It's Gavin Williamson, the UK's secretary for education that announced it first, a 50 percent decrease in the strategic priorities budget allocated to arts (drama, visual arts, music) as soon as next September.
Now, this doesn't mean that the total funding will be cut in half but rather a cut to a specific stream allocated to high cost fields of education which, according to the Office for Students (OfS) the cut would represent a 1% drop in allocated funds.
In a letter to the OfS, Williamson explained that : “These changes will help ensure that increased grant funding is directed towards high-cost provision that supports key industries and the delivery of vital public services, reflecting priorities that have emerged in the light of the coronavirus pandemic”
After a year and a half of financial drought for the arts sector, this announcement was, as you might imagine, received with a massive uproar, a petition against the decision garnered 166.000 signatures.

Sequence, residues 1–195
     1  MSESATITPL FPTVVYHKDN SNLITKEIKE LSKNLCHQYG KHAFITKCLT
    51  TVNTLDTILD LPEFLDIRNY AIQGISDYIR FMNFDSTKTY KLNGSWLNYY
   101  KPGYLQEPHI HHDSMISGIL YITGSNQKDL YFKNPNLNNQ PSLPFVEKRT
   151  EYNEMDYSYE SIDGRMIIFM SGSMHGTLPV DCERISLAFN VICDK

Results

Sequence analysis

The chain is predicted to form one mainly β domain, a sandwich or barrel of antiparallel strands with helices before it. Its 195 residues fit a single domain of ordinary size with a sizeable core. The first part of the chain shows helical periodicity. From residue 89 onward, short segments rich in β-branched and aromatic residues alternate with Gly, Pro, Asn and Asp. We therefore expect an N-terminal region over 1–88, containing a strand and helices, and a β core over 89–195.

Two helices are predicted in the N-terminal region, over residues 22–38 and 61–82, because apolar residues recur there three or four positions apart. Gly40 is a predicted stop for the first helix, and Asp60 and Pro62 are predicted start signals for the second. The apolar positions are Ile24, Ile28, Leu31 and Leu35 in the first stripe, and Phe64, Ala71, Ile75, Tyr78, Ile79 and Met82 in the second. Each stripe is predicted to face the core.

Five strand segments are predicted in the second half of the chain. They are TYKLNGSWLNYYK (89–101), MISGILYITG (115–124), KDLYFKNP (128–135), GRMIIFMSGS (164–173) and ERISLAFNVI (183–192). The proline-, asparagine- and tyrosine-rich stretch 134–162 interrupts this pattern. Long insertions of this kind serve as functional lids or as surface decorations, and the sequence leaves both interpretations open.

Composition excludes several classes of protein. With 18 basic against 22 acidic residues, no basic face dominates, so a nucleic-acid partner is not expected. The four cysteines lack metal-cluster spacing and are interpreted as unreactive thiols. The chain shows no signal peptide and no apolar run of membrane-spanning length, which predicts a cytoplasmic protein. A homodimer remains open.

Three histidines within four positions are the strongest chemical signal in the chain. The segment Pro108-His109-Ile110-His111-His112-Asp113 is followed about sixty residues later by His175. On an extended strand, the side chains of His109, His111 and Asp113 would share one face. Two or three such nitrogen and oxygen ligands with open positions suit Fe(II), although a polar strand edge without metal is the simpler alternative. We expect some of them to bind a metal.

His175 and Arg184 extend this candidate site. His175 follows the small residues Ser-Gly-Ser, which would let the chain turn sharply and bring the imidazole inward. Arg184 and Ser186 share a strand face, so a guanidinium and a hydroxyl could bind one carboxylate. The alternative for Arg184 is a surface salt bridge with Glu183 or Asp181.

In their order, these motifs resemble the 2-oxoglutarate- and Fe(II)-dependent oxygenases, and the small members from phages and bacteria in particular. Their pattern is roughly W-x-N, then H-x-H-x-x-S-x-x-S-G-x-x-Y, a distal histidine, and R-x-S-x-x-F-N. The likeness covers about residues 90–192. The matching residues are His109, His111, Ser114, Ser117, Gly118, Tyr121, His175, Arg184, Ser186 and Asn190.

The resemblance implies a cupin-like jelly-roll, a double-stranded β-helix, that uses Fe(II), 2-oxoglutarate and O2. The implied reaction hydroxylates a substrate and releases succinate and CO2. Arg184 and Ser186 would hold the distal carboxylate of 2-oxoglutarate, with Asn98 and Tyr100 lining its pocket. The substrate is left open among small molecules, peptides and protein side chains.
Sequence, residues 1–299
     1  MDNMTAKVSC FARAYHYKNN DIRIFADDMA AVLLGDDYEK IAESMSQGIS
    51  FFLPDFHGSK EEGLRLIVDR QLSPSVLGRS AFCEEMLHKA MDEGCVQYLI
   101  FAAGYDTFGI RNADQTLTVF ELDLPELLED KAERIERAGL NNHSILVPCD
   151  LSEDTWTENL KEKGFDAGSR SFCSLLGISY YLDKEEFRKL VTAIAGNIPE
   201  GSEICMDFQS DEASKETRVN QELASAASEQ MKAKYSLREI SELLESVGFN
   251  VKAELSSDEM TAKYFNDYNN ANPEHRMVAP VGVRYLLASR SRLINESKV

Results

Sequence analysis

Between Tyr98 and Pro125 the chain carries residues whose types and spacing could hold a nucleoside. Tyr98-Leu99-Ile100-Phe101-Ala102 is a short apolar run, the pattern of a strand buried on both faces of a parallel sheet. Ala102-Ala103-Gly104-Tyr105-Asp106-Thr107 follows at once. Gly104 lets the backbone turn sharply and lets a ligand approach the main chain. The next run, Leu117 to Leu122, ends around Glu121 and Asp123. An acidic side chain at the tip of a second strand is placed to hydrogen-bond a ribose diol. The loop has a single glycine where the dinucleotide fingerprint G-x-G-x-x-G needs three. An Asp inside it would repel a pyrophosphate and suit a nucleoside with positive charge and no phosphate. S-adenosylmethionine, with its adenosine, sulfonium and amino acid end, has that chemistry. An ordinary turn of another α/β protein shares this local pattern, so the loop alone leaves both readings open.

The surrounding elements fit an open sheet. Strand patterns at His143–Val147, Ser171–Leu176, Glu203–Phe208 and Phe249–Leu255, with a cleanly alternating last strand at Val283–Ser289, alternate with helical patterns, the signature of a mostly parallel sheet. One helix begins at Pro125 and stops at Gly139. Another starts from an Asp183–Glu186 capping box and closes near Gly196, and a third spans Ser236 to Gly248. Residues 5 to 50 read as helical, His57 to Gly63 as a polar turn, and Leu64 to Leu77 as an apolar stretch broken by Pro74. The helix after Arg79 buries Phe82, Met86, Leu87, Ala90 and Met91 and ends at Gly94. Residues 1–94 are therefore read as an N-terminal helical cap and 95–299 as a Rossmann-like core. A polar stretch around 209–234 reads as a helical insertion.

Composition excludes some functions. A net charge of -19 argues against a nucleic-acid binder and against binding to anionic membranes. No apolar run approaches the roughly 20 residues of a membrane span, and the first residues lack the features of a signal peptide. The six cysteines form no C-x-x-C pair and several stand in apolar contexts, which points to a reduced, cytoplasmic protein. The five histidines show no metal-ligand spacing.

Naomi Pohl, the deputy general secretary of the Musicians’ Union, told the Guardian : “This news is frankly the last straw for our members, many of whom have survived without any government support and barely any work for the past 18 months."
The outcry is further amplified by a recent decision to also cut the London weighting allowance that granted financial aid to teachers and certain students that have to live in London and its pricey housing.